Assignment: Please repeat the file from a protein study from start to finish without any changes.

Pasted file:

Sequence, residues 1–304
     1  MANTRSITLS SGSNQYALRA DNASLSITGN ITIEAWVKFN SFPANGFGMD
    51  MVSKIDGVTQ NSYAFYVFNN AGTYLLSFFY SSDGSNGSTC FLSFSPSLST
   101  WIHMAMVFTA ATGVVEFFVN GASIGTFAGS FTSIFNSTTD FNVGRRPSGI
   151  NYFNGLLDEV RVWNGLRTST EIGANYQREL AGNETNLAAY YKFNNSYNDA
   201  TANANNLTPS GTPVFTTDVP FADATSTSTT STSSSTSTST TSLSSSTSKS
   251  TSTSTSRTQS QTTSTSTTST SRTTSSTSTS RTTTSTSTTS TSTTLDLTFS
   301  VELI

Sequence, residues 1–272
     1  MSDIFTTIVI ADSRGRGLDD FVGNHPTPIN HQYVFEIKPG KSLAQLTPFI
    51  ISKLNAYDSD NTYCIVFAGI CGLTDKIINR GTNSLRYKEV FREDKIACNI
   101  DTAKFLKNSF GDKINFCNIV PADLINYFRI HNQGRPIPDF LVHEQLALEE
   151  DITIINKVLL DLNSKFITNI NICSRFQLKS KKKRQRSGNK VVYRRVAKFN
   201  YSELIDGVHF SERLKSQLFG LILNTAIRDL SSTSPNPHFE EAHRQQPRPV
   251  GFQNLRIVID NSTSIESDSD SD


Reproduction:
Sequence, residues 1–304
     1  MANTRSITLS SGSNQYALRA DNASLSITGN ITIEAWVKFN SFPANGFGMD
    51  MVSKIDGVTQ NSYAFYVFNN AGTYLLSFFY SSDGSNGSTC FLSFSPSLST
   101  WIHMAMVFTA ATGVVEFFVN GASIGTFAGS FTSIFNSTTD FNVGRRPSGI
   151  NYFNGLLDEV RVWNGLRTST EIGANYQREL AGNETNLAAY YKFNNSYNDA
   201  TANANNLTPS GTPVFTTDVP FADATSTSTT STSSSTSTST TSLSSSTSKS
   251  TSTSTSRTQS QTTSTSTTST SRTTSSTSTS RTTTSTSTTS TSTTLDLTFS
   301  VELI

Sequence, residues 1–272
     1  MSDIFTTIVI ADSRGRGLDD FVGNHPTPIN HQYVFEIKPG KSLAQLTPFI
    51  ISKLNAYDSD NTYCIVFAGI CGLTDKIINR GTNSLRYKEV FREDKIACNI
   101  DTAKFLKNSF GDKINFCNIV PADLINYFRI HNQGRPIPDF LVHEQLALEE
   151  DITIINKVLL DLNSKFITNI NICSRFQLKS KKKRQRSGNK VVYRRVAKFN
   201  YSELIDGVHF SERLKSQLFG LILNTAIRDL SSTSPNPHFE EAHRQQPRPV
   251  GFQNLRIVID NSTSIESDSD SD